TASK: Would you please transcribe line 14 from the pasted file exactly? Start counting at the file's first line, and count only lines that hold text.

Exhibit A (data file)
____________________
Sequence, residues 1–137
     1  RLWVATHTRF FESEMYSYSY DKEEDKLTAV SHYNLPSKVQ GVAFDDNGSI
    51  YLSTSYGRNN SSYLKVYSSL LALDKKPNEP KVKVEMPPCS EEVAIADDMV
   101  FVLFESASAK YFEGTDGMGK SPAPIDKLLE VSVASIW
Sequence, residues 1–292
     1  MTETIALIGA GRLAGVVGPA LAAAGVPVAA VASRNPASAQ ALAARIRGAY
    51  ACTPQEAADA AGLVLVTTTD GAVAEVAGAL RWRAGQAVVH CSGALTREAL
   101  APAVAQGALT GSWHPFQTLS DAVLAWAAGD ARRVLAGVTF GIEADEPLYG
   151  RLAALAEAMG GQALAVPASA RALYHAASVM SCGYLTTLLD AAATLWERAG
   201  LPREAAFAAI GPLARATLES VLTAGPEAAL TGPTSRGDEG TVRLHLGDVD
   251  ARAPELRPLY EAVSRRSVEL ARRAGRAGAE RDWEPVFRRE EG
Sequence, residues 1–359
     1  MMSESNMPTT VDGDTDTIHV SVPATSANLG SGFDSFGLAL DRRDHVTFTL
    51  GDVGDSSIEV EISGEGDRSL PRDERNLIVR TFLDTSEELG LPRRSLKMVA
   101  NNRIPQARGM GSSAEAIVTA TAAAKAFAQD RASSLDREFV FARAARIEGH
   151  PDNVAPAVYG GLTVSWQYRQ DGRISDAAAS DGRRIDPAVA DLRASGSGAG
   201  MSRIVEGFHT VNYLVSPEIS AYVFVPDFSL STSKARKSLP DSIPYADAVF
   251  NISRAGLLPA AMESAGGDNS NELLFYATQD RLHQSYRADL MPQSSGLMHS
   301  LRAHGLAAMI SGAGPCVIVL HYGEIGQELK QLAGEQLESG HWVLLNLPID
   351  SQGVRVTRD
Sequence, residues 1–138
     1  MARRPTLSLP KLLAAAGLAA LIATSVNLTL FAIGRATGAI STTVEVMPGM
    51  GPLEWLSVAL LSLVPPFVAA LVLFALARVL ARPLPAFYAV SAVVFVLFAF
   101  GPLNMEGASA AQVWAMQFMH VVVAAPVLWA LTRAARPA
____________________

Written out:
    51  GDVGDSSIEV EISGEGDRSL PRDERNLIVR TFLDTSEELG LPRRSLKMVA